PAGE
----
Thanks. Your research saw some real disparities in capability on the tools you surveyed – can you say more?
Well, first off, the process automation vendors are trying to figure out how to partner with RPA (Robotic Process Automation) vendors, and which ones to engage with. The problem here is that RPA products should become part of the process automation platform, but RPA company valuations are currently sky-high, so it is next to impossible for process automation vendors to buy them. How a process automation vendor addresses its RPA partners and integration approach is a differentiator.
Next, a lot of the vendors have wrapped themselves in low-code, but they are actually all over the map.
To a certain extent, all process automation products are low-code, because the goal of process automation has always been to support graphical process design, visual dashboards, pre-built process models and forms, and other capabilities that minimise coding.
But now, the pre-built, pre-configured products are even more low code than before, so there is less applications development and more tools for process design that business analysts can do. However, some products are mainly or exclusively low code for developers, while some others are low code for business analysts – and a few process automation vendors are trying to create a new mass market using low code for ordinary business people who have other jobs. Who the vendor is really targeting with low code is important for buyers to figure out.
In my opinion, the idea of citizen developers is largely a myth, by the way!
OK… so Why isn’t AI & Machine Learning really coming through yet to help, in your opinion?
Because process automation vendors aren’t sure how fast and to what extent their customers will want AI/ML (Artificial Intelligence/Machine Learning) in the process software. They don’t know if it is three years out, five years out, or longer; they are not getting much demand for it.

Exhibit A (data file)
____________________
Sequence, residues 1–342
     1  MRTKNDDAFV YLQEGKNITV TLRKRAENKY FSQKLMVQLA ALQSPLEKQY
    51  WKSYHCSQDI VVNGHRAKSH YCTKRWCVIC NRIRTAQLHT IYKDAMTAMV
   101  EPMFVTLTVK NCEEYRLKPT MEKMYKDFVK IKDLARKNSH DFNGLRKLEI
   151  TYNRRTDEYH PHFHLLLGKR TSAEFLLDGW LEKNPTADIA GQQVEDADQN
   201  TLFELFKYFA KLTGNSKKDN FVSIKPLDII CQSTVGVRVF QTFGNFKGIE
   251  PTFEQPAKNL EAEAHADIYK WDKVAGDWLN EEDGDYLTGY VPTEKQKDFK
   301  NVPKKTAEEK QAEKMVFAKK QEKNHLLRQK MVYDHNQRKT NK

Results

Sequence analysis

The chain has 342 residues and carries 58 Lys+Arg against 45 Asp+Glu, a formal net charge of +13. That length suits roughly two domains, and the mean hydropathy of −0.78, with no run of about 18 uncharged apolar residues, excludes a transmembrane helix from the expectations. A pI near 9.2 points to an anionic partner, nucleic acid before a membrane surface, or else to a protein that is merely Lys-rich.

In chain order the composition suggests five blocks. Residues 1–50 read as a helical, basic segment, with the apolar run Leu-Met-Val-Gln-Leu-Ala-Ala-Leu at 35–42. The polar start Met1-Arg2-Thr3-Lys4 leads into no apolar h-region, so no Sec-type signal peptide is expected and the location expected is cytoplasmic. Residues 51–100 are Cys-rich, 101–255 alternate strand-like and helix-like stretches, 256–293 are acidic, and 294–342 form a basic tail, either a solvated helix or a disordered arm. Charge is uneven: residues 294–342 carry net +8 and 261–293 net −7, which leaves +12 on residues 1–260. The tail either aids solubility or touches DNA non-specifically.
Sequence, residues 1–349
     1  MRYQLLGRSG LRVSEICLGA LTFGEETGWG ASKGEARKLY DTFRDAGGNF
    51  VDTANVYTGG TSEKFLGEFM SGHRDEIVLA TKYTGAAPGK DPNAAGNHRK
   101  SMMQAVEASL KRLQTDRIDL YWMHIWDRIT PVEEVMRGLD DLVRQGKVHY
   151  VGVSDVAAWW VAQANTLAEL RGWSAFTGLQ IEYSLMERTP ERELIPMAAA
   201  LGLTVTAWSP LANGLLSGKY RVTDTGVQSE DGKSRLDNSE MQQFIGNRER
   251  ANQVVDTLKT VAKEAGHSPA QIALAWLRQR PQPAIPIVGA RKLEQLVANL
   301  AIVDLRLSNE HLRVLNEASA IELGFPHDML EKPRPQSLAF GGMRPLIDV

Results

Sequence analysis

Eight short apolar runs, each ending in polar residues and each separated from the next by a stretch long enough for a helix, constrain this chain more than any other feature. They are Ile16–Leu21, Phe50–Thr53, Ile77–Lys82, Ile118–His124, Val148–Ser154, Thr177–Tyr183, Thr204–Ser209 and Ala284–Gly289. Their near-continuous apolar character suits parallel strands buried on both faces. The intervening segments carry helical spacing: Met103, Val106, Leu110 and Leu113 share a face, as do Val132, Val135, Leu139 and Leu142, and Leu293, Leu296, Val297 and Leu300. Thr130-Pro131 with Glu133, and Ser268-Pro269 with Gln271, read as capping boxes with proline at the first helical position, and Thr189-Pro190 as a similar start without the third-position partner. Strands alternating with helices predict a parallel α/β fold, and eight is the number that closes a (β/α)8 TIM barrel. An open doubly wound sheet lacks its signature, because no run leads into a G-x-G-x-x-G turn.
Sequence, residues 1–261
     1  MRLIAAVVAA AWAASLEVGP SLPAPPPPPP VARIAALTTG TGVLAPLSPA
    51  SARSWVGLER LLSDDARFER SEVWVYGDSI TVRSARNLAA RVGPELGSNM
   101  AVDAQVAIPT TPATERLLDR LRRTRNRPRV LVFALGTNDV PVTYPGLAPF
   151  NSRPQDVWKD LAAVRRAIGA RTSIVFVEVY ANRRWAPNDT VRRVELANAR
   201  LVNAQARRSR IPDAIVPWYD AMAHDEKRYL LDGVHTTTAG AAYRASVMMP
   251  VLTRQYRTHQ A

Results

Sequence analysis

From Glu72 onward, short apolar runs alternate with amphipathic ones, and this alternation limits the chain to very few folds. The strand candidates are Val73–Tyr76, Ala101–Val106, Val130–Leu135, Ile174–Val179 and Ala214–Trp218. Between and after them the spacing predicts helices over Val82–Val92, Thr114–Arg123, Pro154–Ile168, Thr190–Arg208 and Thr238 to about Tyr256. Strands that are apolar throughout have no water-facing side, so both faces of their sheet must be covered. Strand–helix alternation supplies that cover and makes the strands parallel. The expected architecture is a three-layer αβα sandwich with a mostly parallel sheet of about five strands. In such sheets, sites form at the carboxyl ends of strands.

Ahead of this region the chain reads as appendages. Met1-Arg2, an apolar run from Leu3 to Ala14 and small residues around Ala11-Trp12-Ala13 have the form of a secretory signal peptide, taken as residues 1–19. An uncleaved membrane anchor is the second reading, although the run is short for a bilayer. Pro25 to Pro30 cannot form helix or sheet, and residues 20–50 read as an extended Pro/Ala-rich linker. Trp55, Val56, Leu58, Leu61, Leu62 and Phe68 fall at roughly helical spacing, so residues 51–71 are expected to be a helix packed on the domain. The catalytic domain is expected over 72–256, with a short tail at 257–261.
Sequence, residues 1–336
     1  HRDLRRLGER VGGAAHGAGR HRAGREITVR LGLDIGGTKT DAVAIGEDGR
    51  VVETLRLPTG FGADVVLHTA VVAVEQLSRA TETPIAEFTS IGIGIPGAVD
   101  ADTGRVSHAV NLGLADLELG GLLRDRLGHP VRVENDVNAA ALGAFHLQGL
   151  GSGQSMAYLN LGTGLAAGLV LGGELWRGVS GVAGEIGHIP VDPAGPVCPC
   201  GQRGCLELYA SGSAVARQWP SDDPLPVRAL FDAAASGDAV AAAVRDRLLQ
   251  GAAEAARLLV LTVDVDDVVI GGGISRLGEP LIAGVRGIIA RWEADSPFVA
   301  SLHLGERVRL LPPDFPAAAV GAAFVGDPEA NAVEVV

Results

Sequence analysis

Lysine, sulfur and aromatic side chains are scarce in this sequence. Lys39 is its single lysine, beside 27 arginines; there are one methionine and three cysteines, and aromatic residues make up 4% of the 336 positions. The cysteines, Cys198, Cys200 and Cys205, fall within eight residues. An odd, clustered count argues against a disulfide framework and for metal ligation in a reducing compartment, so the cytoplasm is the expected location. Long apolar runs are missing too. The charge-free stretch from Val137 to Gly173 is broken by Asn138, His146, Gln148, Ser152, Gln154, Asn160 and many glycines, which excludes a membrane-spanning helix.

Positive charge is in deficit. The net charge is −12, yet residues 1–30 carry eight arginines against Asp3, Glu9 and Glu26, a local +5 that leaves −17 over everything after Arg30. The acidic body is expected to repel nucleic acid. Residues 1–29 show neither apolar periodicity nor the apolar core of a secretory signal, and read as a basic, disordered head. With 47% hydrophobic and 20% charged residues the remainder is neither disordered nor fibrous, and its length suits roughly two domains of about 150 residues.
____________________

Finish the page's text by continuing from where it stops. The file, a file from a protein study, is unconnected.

They also have to sort through how to add AI/ML inside the process automation product, versus how to add AI/ML alongside the executing processes. It’s a lot easier to figure out the latter than the former. The latter could be something like integrating with a natural language product whereas the former could be using AI/ML to analyse process designs and make recommendations on process model improvements. However, it is very much early days for the former.
I see. Final question, then; What’s the smartest thing to do right now when it comes to Digital Process Automation… stay put, or actively investigate?
Actively investigate – because the products can make a huge difference in cost savings and productivity, but also can move the needle on customer impact, customer engagement and customer satisfaction. Getting the right skills on the project is important for these types of initiatives.
The takeaway has to be that most companies are stuck in improving business operations (which is great) but there is a whole new world to explore in linking process automation to digital transformation initiatives.
Connie Moore, Vice President and Principal Analyst, Deep Analysis
To find out more
Connie has written a report about the divide between process excellence practitioners and customer experience professionals that might be of interest to readers of thedmcollaborators, as well as a blog post about the upside-down world of RPA and process automation
She also recommends community members check out Deep Analysis’s reports on their website that are also about customer experience and the ‘hand-off’ syndrome, which may provide additional insight.
One thought on “Digital Process Automation: A Logical Successor To Business Process Management?”
Excelente contenido , favorece el crecimiento empresarial en función de las nuevas interacciones entre el eficiente manejo de los procesos y la transformación digital .
Saludos desde Ecuador